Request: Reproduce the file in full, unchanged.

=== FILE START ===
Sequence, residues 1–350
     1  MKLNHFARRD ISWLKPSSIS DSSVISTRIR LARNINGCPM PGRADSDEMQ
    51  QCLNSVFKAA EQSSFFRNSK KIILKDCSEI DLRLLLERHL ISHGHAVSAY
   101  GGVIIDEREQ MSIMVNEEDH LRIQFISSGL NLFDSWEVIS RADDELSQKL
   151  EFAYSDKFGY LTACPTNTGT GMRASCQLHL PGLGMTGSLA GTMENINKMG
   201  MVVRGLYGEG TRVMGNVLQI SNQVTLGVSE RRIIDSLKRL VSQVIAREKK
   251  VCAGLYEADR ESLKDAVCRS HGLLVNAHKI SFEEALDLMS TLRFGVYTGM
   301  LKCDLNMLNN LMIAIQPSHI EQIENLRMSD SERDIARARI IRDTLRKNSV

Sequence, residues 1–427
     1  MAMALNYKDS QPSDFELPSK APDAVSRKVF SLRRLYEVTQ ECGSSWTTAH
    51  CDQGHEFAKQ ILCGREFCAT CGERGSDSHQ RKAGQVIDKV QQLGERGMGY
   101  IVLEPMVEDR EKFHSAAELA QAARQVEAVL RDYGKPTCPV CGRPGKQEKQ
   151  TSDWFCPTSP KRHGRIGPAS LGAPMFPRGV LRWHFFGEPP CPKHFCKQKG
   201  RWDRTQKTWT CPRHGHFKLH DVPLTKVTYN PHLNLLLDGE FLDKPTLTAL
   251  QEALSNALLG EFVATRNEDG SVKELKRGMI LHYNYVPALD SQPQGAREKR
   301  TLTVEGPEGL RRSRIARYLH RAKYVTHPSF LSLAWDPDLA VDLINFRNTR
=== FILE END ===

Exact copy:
Sequence, residues 1–350
     1  MKLNHFARRD ISWLKPSSIS DSSVISTRIR LARNINGCPM PGRADSDEMQ
    51  QCLNSVFKAA EQSSFFRNSK KIILKDCSEI DLRLLLERHL ISHGHAVSAY
   101  GGVIIDEREQ MSIMVNEEDH LRIQFISSGL NLFDSWEVIS RADDELSQKL
   151  EFAYSDKFGY LTACPTNTGT GMRASCQLHL PGLGMTGSLA GTMENINKMG
   201  MVVRGLYGEG TRVMGNVLQI SNQVTLGVSE RRIIDSLKRL VSQVIAREKK
   251  VCAGLYEADR ESLKDAVCRS HGLLVNAHKI SFEEALDLMS TLRFGVYTGM
   301  LKCDLNMLNN LMIAIQPSHI EQIENLRMSD SERDIARARI IRDTLRKNSV

Sequence, residues 1–427
     1  MAMALNYKDS QPSDFELPSK APDAVSRKVF SLRRLYEVTQ ECGSSWTTAH
    51  CDQGHEFAKQ ILCGREFCAT CGERGSDSHQ RKAGQVIDKV QQLGERGMGY
   101  IVLEPMVEDR EKFHSAAELA QAARQVEAVL RDYGKPTCPV CGRPGKQEKQ
   151  TSDWFCPTSP KRHGRIGPAS LGAPMFPRGV LRWHFFGEPP CPKHFCKQKG
   201  RWDRTQKTWT CPRHGHFKLH DVPLTKVTYN PHLNLLLDGE FLDKPTLTAL
   251  QEALSNALLG EFVATRNEDG SVKELKRGMI LHYNYVPALD SQPQGAREKR
   301  TLTVEGPEGL RRSRIARYLH RAKYVTHPSF LSLAWDPDLA VDLINFRNTR